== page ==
Posted on March 13th 2012 in Travel with Comments Off on Day 12 – Surat Thani to Bangkok

Tha Kham – the town I stayed the night in Surat Thani  – really was a no horse town. As such, I had to take a tuk tuk back to the largest city in the area – confusingly also called Surat Thani. This place was similarly devoid of attractions, but I saw on the map that it was close to the sea, built on a large river delta system, which I thought would be interesting to explore.  I headed to the main river channel and there found a man who was about to set off in his boat to deliver…

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Day 11 – Phuket to Surat Thani

Posted on March 7th 2012 in Travel with Comments Off on Day 11 – Phuket to Surat Thani

While most of the temporary residents of Phuket were recovering away in their hotel rooms, I decided to flip flop my way down to Patong Beach. Away from the tawdry sights of the tourist streets it was very beautiful, with long sandy beeches receding into the distance and a cool sea in front to swim in.The sun baked me till I was soft and golden, which took about 2 hours at gas mark 4. I felt very relaxed walking back, feeling like I could cope with the hectic streets infested with masseures and taxi drivers. I began walking away from my hotel, taking pictures here…

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Day 10 – Penang to Phuket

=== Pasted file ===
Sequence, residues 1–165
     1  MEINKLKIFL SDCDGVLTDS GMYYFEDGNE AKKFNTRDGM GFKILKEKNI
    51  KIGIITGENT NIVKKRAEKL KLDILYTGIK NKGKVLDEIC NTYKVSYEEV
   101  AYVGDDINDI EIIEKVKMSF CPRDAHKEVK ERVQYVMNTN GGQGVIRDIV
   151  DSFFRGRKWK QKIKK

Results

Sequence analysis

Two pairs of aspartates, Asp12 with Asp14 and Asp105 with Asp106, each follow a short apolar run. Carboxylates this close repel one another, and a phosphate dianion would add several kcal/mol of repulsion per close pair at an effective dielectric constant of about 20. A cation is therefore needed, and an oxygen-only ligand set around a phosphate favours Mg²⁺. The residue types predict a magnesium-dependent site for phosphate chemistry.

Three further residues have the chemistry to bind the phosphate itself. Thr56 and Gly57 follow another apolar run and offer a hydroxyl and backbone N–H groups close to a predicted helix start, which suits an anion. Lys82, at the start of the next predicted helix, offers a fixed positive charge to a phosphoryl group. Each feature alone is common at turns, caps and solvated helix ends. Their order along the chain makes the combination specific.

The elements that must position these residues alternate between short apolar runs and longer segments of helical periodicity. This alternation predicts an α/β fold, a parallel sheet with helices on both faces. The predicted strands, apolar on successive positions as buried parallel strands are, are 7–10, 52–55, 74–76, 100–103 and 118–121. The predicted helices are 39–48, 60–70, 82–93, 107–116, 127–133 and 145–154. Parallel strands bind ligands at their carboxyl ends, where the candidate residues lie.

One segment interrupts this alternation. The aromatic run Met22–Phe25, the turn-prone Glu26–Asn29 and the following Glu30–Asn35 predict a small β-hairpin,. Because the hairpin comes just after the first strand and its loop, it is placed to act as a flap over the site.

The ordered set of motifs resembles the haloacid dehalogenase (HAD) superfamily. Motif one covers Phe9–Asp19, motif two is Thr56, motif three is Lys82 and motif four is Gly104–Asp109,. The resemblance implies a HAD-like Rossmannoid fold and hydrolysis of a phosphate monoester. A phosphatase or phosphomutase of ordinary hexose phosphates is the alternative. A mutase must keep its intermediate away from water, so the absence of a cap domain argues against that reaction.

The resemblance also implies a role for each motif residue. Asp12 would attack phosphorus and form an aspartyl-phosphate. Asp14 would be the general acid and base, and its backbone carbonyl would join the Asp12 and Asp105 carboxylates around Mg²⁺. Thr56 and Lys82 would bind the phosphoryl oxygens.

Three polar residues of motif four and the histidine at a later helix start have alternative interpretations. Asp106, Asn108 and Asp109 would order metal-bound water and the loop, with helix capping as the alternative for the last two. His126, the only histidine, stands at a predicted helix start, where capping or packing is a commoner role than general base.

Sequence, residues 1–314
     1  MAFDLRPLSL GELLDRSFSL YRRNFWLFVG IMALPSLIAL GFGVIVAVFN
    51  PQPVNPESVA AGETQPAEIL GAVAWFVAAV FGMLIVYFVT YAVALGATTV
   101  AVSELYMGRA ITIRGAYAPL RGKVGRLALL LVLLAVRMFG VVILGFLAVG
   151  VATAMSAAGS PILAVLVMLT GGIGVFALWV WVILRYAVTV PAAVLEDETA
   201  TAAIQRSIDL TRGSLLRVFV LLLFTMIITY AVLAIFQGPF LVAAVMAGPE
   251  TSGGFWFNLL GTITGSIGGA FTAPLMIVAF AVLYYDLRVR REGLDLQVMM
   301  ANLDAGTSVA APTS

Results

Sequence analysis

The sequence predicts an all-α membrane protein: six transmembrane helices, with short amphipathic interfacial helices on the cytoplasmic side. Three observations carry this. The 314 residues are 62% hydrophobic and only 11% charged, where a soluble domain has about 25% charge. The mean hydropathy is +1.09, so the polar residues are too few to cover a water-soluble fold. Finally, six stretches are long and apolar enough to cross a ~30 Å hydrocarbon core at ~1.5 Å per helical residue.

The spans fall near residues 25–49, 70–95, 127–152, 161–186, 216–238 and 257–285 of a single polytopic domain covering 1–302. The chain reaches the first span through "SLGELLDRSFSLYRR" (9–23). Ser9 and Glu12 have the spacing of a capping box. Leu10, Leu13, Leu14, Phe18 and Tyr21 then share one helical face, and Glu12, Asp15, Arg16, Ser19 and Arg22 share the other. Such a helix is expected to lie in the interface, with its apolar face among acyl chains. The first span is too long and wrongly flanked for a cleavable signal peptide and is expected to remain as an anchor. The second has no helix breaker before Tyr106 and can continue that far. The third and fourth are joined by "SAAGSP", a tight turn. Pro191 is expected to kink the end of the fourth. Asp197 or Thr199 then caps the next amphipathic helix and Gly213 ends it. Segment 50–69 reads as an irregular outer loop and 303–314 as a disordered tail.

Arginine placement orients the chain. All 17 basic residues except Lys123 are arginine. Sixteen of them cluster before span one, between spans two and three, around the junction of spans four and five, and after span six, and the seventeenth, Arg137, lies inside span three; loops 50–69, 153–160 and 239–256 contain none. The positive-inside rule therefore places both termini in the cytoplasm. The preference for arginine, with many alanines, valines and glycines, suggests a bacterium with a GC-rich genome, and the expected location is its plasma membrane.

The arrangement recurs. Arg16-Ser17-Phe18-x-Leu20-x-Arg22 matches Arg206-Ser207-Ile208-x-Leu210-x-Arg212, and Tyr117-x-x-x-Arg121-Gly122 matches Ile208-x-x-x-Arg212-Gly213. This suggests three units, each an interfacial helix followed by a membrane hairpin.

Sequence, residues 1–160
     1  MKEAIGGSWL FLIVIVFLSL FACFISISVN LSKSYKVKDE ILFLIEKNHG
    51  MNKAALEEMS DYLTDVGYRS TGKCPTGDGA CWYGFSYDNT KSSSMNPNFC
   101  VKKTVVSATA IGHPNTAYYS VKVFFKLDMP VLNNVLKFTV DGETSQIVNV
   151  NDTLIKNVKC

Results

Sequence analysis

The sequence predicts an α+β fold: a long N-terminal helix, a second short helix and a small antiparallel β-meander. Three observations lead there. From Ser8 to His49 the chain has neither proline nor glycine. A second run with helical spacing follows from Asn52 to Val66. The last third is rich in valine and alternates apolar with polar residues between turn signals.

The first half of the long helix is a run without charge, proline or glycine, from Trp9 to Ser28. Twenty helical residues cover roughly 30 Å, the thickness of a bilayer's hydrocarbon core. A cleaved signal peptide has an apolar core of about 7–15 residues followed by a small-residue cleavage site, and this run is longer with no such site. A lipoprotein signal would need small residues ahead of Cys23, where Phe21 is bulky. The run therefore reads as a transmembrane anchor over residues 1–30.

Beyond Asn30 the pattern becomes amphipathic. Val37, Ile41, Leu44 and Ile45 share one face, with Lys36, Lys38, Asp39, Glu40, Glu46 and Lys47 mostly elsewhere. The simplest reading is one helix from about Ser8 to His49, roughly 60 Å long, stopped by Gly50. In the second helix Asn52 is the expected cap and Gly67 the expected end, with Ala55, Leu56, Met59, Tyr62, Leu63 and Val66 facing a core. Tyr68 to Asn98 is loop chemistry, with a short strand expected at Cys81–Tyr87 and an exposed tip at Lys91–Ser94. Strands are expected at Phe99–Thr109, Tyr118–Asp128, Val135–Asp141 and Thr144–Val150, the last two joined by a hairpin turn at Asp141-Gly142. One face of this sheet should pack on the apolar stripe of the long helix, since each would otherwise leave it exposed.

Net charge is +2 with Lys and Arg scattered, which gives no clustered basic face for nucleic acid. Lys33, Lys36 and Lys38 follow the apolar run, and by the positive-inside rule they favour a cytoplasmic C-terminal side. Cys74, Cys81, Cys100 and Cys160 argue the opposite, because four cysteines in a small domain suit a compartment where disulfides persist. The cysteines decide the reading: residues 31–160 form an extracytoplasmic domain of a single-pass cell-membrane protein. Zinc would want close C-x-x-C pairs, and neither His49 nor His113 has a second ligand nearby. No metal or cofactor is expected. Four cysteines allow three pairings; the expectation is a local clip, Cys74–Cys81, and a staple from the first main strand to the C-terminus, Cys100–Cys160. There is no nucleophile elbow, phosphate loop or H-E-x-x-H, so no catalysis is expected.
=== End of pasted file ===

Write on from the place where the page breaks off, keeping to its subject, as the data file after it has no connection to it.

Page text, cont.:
Posted on March 7th 2012 in Travel with Comments Off on Day 10 – Penang to Phuket

I felt like a bit of an idiot when I woke in my hostel this morning, because I had stupidly booked a flight the night before to Phuket. It was stupid because firstly I was rather enjoying myself here in Penang, and didn’t want to keep rushing onwards to new destinations quite so rapidly as I had been up to now. The second reason came retrospectively, when I arrived at my destination 7 hours after I originally started. I booked the flight to save time, but because of having to change flight in KL 300km to the south, and because…

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Day 9 – Penang

Posted on March 6th 2012 in Travel with Comments Off on Day 9 – Penang

My final stay in Malaysia was on the island state of Penang, in the north of the mainland. This meant taking a 5 hour coach ride again, but seeing as the one I had booked turned out to be equivalent to a first class air ticket, I wasn’t too bothered. The views outside were similarly premium in their appearance. Rolling hills evolve into  bulbous mountains, each looking homoegenously green from a distance, but up close were a teething mat of interlocking species of different flora. Disappointingly, I occasionally saw huge tears in this vegetative carpet, mining scars of orange and brown, remind…

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Day 7 and 8 – More Kuala Lumpur

Posted on March 3rd 2012 in Travel with Comments Off on Day 7 and 8 – More Kuala Lumpur

The next day I went outright touristy and hit the museums. At the National Museum of Malaysia, I learnt more about the tense period of history that existed between the British colonial period and the modern day independent state; a fraught battle between  the nationalists and the communists that lasted until 1989. The Malaysian Ethnography Museum next door, by comparison is less violent, showing the variety of different lifestyles embraced by the umbrella term ‘Malay’  – from the mainland peninsula people to the peoples of Tonga. It began raining much earlier than usual – normally a late afternoon shower is expected – so I…